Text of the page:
A key state senator is blocking a committee vote on Secretary of State Kris Kobach’s legislation to require new Kansas voters to prove their U.S. citizenship ahead of this year’s presidential election, possibly dooming the measure.
Chairwoman Terrie Huntington, R-Fairway, said Friday that she doesn’t plan to have her Senate Ethics and Elections Committee meet again this year. The committee had a hearing on Kobach’s bill Thursday, its last scheduled meeting of the year, but adjourned without acting on the measure.
“The committee, it’s not their choice to meet again,” Huntington said. “We are through.”
Legislators enacted a law last year requiring people registering to vote for the first time in Kansas to provide proof of their citizenship, but it doesn’t take effect until January. Kobach wants to move up the effective date to June 15, arguing it should be in place ahead of the surge in registration that will precede the November presidential election.
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Kobach’s bill passed the House last month, but even some of his fellow Republicans in the Senate have been cool to the proposal. He contends it will prevent illegal immigrants and other noncitizens from registering, combating election fraud.
Critics of voter ID laws say they are meant to keep turnout down, particularly among students, minorities, the poor and the elderly. Kobach’s office said it found 32 noncitizens registered to vote in Kansas last year, out of about 1.7 million registered voters. There have been fewer than 10 reported cases in Kansas over the past decade in which a noncitizen voted or attempted to vote.
Kobach contends the committee could easily meet again, even if it convened in a hallway, as committees occasionally do when lawmakers’ schedules are hectic. He said a large majority of Kansans support voter ID initiatives, and legislators should be listening to them.
“If they choose to move the bill forward, they can,” Kobach said.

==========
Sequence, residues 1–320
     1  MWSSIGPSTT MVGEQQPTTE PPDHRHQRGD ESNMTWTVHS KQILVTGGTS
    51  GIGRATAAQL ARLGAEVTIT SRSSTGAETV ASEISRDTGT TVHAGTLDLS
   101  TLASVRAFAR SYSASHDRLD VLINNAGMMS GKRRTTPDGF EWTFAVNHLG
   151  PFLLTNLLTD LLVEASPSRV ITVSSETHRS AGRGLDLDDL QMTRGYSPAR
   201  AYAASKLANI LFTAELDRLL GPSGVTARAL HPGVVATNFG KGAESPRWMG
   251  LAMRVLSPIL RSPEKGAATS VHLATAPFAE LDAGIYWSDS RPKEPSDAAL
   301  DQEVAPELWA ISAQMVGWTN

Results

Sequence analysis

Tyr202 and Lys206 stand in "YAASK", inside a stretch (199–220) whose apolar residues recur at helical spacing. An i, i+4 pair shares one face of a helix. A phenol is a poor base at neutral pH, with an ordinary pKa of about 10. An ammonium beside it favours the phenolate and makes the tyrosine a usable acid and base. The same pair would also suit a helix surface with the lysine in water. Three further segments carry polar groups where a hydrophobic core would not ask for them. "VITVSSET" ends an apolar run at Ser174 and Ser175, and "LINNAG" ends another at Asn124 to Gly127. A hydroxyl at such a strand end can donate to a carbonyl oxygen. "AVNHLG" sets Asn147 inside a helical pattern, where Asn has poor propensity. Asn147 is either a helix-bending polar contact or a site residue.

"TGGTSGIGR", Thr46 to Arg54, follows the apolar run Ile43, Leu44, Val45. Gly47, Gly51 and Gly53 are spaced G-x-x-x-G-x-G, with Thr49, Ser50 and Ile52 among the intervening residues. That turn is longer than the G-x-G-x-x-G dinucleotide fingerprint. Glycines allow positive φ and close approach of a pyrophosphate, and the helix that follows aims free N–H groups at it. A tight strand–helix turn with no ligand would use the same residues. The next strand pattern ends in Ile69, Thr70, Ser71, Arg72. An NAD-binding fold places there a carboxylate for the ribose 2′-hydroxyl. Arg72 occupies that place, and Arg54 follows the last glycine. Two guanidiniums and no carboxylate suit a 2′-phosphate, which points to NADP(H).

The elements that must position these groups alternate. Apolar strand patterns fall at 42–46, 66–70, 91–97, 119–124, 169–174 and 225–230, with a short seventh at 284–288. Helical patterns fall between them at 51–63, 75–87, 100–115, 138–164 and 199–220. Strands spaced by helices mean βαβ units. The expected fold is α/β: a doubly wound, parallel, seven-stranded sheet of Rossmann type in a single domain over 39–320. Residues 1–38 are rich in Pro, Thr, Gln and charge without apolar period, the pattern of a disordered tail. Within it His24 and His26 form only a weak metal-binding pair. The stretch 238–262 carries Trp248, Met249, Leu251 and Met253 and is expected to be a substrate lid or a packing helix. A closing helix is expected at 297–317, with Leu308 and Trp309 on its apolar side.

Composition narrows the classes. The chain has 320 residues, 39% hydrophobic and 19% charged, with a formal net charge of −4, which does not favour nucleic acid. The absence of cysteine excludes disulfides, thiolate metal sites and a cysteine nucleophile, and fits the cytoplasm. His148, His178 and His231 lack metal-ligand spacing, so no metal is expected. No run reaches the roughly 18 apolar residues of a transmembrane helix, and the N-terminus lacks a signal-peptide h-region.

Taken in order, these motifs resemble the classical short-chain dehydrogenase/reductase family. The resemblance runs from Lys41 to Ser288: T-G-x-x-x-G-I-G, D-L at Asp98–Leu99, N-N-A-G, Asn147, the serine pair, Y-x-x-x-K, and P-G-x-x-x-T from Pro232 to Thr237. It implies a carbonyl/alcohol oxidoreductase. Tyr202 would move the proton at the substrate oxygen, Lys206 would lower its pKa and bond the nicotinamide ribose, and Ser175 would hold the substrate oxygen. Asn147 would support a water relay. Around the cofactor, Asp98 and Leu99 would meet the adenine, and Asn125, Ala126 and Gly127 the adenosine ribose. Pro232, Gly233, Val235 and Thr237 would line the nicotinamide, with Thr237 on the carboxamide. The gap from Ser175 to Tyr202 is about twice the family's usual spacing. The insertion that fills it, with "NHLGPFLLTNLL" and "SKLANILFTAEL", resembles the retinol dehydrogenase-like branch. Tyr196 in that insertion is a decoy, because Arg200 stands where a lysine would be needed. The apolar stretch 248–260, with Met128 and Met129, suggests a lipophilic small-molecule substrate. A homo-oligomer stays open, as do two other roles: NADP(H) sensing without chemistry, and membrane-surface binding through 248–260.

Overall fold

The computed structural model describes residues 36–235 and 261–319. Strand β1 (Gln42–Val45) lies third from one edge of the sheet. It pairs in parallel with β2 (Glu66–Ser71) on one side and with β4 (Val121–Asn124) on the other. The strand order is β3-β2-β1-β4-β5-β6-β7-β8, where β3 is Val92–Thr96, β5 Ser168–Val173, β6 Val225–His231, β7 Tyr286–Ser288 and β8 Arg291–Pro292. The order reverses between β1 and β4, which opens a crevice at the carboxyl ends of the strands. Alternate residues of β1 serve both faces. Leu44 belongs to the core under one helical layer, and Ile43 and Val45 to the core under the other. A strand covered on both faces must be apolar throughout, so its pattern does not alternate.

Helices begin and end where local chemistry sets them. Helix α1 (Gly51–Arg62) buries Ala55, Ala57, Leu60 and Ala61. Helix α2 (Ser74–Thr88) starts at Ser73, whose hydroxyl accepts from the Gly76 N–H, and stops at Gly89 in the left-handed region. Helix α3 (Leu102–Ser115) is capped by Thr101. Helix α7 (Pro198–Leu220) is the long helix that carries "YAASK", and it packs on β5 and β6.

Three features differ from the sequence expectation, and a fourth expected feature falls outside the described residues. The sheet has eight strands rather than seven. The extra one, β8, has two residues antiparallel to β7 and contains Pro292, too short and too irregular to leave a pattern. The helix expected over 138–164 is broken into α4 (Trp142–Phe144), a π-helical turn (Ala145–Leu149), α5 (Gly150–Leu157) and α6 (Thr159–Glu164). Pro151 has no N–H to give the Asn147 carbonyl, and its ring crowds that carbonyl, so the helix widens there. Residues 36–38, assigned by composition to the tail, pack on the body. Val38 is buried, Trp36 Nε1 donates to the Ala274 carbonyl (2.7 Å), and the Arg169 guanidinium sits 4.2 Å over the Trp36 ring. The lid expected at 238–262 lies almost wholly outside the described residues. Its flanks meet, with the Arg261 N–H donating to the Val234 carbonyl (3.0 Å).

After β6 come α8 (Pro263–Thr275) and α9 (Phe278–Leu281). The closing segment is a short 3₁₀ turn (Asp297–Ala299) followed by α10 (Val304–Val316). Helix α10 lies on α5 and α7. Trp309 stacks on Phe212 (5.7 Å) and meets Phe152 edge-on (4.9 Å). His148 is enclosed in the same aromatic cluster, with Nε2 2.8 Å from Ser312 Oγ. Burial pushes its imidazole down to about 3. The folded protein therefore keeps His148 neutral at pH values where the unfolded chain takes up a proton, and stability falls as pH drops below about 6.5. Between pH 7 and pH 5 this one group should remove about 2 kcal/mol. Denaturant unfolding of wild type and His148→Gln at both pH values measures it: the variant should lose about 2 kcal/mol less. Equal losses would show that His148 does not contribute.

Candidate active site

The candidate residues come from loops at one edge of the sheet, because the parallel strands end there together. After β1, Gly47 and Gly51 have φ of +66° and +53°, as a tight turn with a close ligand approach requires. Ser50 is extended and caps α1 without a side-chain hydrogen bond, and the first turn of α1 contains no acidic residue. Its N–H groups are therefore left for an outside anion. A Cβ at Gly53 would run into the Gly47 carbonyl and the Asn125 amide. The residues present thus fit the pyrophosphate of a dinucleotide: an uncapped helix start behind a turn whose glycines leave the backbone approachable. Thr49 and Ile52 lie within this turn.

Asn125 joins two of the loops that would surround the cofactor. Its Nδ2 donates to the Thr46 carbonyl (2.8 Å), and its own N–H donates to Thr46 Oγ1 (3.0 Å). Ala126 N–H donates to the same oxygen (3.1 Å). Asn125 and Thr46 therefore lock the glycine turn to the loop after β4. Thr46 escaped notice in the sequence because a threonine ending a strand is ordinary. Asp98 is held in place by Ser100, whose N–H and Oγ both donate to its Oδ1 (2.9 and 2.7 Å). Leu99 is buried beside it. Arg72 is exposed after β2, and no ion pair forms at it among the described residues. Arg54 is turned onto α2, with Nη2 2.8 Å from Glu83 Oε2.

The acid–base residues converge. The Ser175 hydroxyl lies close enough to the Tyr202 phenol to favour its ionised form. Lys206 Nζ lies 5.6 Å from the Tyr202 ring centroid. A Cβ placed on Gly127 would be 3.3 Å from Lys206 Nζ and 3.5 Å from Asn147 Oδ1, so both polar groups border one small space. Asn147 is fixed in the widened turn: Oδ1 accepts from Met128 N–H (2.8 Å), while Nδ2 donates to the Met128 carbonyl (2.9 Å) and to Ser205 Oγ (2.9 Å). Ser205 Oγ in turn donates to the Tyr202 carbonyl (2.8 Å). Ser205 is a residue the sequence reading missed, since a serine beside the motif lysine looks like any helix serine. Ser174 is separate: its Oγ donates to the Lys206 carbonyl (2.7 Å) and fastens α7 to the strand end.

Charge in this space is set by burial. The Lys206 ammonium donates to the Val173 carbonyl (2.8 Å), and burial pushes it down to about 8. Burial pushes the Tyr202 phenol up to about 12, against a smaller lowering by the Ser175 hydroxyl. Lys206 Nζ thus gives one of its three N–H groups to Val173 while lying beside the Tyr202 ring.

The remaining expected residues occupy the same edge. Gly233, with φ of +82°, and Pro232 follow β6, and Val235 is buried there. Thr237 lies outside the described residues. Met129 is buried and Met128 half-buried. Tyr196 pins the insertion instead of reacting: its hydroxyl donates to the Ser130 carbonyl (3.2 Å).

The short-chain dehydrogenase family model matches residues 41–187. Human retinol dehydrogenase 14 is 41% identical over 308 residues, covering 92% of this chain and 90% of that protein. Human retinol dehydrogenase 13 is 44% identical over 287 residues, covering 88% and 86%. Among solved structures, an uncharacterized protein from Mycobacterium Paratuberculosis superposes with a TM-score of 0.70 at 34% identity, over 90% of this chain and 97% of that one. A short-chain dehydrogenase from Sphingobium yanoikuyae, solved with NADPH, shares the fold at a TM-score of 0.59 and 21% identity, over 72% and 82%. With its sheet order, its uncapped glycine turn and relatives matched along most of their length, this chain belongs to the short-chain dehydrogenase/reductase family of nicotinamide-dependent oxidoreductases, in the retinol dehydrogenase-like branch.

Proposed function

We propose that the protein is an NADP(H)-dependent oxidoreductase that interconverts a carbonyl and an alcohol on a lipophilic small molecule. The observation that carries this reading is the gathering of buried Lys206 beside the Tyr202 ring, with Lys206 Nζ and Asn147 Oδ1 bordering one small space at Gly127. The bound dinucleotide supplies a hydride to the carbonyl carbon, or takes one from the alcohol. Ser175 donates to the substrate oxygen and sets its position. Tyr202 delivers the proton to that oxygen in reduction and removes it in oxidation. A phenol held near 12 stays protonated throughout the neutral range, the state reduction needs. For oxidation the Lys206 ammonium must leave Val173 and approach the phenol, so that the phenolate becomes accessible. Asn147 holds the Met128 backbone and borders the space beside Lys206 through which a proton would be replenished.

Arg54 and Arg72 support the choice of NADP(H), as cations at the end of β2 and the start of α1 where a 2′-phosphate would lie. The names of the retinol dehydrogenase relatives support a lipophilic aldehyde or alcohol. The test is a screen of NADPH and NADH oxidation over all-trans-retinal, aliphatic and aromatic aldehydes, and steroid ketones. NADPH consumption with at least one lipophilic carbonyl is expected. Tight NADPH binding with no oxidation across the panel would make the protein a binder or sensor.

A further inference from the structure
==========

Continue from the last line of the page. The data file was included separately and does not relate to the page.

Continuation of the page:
But the Senate's top Republican leaders, President Steve Morris, of Hugoton, and Majority Leader Jay Emler, of Lindsborg, backed Huntington up. Emler cited a legislative deadline that required most committees to finish their business by Friday, and Morris noted that Huntington supported initiatives Kobach pushed last year, including a law requiring voters to show photo identification at the polls.
Kobach's conservative GOP allies also could ask the Senate to pull the bill from Huntington's committee, but that would require a vote of 24 of 40 members, rather than the 21 votes needed to pass a bill. Together, moderate Republicans and Democrats, who generally are skeptical of Kobach's proposal, control the chamber.
Kobach has expressed frustration as a $40 million computer upgrade at the state Division of Vehicles has become a crucial issue for senators wary of his proposal. He has said it shouldn't be an issue, arguing that the state could move forward regardless, even if the upgrade would make administering the proof-of-citizenship rule easier.
Kansas will require all people seeking or renewing a license to show whether they're U.S. citizens. When the second phase of the upgrade is done, the division is supposed to be able to automatically transfer electronic copies of birth certificates and other documents proving citizenship to election officials.
Initially, officials said the second phase of the upgrade should be done by June, but the committee learned Wednesday – at its second-to-last meeting of the year – that it wouldn't be completed until Aug. 1.
“That was the big issue,” Huntington said. “We waited until the last minute, until we could find out the latest information regarding the computer system.”
And Morris said: “I don't think taxpayers want to see additional time or money spent on a bill that can't be implemented.”
Kobach came to Thursday's meeting with proposed amendments to his bill that he said would make the computer upgrade's status irrelevant. But testimony from opponents of his bill took up most of the committee's hour-long meeting, preventing members from considering the changes.